I Can Always Precipitate

Lately,

everything feels like a storm coming.

Just yesterday,

I was walking down Main Street

and looking up at these clouds

flying up into themselves

and I tripped on a crack

in the sidewalk,

because I was imagining

the whole town turning

into a war zone.

Then I remembered

that when storms come,

people can get into their cars

or houses

and holding each other,

watch it pass

from behind the safety of windows,

or they can listen to it

through the wall,

the way I did

when I listened to my parents arguing

and sometimes thought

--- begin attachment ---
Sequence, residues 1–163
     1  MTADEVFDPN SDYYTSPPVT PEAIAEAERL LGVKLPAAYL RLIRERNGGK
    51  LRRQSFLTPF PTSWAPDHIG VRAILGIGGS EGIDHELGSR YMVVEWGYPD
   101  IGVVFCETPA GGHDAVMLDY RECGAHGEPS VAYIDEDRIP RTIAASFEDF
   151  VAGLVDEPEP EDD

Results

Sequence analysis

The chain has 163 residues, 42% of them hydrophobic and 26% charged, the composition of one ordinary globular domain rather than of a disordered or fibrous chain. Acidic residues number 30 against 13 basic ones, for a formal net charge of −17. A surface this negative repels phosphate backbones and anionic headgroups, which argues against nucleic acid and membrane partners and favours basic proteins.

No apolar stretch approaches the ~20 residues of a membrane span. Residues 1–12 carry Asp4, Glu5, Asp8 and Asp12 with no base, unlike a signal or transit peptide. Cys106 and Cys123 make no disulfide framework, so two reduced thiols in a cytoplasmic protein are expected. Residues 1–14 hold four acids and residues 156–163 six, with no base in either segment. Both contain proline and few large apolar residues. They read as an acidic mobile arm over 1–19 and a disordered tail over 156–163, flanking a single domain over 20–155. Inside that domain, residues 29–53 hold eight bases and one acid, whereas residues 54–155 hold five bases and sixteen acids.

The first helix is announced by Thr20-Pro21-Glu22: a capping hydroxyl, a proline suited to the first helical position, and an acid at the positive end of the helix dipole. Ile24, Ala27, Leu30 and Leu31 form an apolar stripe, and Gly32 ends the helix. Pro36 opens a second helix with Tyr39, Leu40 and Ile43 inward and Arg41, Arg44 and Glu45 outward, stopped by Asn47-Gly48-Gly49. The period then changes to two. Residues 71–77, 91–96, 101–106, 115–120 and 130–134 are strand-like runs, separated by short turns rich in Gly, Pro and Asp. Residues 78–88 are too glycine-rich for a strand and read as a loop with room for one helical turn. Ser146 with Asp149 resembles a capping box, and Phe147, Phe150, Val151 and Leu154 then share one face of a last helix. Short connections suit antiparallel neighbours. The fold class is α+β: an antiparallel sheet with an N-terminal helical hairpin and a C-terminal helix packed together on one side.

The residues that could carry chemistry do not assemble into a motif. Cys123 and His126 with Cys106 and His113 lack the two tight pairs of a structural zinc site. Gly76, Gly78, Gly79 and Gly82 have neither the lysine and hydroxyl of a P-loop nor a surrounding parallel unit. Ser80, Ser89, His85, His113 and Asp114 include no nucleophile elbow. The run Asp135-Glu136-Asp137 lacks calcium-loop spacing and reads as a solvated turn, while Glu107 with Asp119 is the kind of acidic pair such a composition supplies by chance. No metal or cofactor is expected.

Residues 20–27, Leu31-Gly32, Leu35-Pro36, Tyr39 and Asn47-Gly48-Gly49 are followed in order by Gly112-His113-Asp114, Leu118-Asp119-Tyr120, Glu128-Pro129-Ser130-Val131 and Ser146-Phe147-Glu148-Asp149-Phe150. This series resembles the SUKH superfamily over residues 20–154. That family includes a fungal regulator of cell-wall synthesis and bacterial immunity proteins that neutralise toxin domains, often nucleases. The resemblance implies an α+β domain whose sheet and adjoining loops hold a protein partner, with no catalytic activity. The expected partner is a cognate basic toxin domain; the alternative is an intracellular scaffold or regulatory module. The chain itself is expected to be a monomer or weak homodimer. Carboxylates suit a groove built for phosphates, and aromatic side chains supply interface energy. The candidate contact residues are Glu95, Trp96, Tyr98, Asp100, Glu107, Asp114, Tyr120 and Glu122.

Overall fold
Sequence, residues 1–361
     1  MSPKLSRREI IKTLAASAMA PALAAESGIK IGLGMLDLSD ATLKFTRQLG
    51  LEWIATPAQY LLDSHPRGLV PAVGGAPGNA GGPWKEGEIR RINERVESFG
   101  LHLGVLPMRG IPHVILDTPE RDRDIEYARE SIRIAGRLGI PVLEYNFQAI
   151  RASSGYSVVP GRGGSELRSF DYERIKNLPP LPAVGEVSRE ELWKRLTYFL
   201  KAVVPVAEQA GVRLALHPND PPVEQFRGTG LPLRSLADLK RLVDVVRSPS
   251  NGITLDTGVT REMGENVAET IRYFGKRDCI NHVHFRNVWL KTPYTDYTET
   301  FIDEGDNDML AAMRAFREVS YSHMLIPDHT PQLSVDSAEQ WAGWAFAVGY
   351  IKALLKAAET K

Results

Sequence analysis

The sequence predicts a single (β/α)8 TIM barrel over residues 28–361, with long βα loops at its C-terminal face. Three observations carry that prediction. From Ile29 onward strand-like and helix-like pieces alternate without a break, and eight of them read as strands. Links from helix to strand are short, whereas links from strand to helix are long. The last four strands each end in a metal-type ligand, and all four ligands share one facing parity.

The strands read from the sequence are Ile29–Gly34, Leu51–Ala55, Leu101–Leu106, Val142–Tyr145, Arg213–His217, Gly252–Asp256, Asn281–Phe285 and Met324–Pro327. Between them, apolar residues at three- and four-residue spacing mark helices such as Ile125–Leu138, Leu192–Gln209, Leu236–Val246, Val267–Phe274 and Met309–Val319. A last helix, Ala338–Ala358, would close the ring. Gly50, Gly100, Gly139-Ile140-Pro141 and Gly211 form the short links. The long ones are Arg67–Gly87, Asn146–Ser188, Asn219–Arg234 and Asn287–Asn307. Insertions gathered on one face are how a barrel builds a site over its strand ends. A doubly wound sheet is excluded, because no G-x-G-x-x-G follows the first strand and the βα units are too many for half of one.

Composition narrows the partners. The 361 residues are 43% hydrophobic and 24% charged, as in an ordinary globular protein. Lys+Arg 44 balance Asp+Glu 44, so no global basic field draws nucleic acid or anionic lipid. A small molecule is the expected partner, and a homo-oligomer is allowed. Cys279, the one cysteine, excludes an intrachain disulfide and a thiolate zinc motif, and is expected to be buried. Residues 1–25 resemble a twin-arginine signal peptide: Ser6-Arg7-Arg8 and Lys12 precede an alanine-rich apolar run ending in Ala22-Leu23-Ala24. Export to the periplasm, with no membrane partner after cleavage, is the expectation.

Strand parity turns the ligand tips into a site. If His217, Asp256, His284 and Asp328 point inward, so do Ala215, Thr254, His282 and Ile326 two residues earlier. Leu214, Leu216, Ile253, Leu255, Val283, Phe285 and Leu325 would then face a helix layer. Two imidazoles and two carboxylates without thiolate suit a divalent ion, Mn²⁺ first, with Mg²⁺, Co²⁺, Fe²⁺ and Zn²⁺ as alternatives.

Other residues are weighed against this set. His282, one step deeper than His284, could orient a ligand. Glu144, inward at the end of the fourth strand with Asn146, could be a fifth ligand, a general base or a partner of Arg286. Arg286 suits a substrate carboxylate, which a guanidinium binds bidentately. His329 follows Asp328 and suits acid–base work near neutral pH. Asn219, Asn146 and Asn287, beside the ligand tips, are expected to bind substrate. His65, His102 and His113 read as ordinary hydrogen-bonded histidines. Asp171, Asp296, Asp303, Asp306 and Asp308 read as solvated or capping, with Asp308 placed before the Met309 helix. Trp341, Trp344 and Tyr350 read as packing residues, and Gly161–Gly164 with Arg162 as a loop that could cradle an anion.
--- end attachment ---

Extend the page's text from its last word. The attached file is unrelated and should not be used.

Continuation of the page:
I heard one of them saying

something unimaginably

cruel to the other,

and that seems to take the edge off

all that anxiety

trying to hailstorm my eyes

out of my head,

and the storm,

which at first

seemed like an thermonuclear event

that could peel the flesh off

everything it touched as it strolled by,

seems at worst

like an estranged relative’s

wedding reception

you can’t just make a pit stop at,

where you end up playing

banana phone

with somebody’s dust devil of a kid

who won’t stop breaking wind

and sleeting peas

out of his mouth,

green on your napkin.

It makes me feel

a little more in control,

which means

a little more here,

to learn that

everything I think I know

is usually a smaller

and less urgent version

of what actually is,

and that when I feel held down

and opened up

by a force I can’t see,

I can always precipitate

toward a perspective

where everything I land on

gets watered,

like everything that gets cooled off.